• Treat survivors like victims not criminals: Proposed anti-trafficking law

    In a first, the Women and Child Development Ministry headed by Maneka Gandhi has taken the initiative of proposing a comprehensive anti-trafficking law. The draft bill which was unveiled by the minister aims at treating those who are rescued from trafficking as victims rather than criminals.

    “The bill shows far more compassion and makes a very clear distinction between the trafficked and the trafficker, which is a nuance that should have been made 60 years ago,” Gandhi said on Monday as she unveiled the draft Trafficking of Persons (Prevention, Protection and Rehabilitation) Bill, 2016 as reported by Indian Express.

    The bill has the following main provisions:

    • To speed up judicial proceedings, a special court will be provided for anti-human trafficking cases.
    • More shelter houses, rehabilitation centres are being created to give ample protection and assistance to the victims. Also, a rehabilitation fund will be set up to help the victims get a fresh start at life.
    • Anti-trafficking committees will be set up on all levels- state, district and national. A special investigative team will be formed to look into the work between states.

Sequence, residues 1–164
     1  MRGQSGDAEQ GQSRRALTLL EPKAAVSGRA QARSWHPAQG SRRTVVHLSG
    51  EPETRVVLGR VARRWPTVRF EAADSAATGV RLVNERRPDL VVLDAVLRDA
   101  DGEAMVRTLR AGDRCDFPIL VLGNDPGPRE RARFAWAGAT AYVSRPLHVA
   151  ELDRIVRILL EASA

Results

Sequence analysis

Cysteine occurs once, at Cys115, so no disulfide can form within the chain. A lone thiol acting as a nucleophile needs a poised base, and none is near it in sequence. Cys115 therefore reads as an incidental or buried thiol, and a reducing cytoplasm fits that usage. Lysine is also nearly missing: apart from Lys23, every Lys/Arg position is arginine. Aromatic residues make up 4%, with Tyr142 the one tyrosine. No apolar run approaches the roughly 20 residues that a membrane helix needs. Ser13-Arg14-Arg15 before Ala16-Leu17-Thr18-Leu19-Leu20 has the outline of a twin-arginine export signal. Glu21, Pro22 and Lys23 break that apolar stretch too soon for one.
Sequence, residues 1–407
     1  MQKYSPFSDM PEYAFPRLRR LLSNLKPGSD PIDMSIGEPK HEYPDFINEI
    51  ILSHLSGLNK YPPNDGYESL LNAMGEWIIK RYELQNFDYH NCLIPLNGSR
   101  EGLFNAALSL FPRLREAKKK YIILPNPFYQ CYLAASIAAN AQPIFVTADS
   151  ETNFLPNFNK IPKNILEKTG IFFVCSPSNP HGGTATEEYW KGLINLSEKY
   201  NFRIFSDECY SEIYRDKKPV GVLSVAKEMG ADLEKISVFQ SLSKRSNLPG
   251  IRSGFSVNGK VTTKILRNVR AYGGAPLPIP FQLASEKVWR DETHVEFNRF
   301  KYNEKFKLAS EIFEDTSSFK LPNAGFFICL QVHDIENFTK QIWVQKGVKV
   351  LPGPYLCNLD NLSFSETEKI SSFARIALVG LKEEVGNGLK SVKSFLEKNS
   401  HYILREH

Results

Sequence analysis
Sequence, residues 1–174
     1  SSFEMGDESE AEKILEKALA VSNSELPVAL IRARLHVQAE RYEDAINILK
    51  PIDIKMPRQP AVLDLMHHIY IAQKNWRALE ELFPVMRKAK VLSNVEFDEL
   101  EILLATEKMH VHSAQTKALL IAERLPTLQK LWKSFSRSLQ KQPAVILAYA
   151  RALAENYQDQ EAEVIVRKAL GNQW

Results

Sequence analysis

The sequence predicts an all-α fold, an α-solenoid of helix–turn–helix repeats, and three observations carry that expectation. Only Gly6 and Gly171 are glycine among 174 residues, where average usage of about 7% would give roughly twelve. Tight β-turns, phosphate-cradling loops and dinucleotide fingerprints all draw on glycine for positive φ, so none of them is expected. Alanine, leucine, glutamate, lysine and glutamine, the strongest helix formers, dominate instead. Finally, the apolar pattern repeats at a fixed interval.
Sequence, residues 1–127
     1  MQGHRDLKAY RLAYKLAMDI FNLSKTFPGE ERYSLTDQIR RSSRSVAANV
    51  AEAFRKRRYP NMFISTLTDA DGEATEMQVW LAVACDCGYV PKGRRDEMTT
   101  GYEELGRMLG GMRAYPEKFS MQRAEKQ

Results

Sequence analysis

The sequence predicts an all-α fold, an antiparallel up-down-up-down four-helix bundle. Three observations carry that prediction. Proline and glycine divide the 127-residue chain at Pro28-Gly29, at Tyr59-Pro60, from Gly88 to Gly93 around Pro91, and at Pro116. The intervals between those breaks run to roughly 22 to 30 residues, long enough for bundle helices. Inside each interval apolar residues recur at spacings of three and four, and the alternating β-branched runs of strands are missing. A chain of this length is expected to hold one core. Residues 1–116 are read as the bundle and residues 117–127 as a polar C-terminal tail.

• The bill also proposes a mechanism to recover monetary amounts due — Victims who were unpaid under servitude will be paid an amount as reimbursement.
    • Any attempt to use drugs, alcohol or any such narcotic substances in order to exploit the victims will be regarded as an offence under the bill.

    Also read: Child trafficking, the big fight: Padma Shri Sunitha Krishnan

    There is little doubt that human trafficking is a problem of very serious magnitude that needs to be addressed. In India especially young girls and women from small places and neighbouring countries are lured to come to big cities in search of money and better work, but are consequently either sold into brothels or as domestic help. The women end up getting exploited in both scenarios, and even after they are rescued by police, the attitude is to treat them as criminals, and their cases stretch on for months on end.

    A bill like this would certainly protect their human rights, as well as help them in starting life afresh.

    Also read: On human trafficking in India: Journalist Neha Dixit in ‘First Hand’

    The implementation of the bill into law is a long way off though. Maneka Gandhi will be taking suggestions to incorporate in it till 30th June. After that the final bill will go to every ministry and finally be placed before the Indian Parliament by the end of this year.

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    Feature Image Credit: BeTheAnswer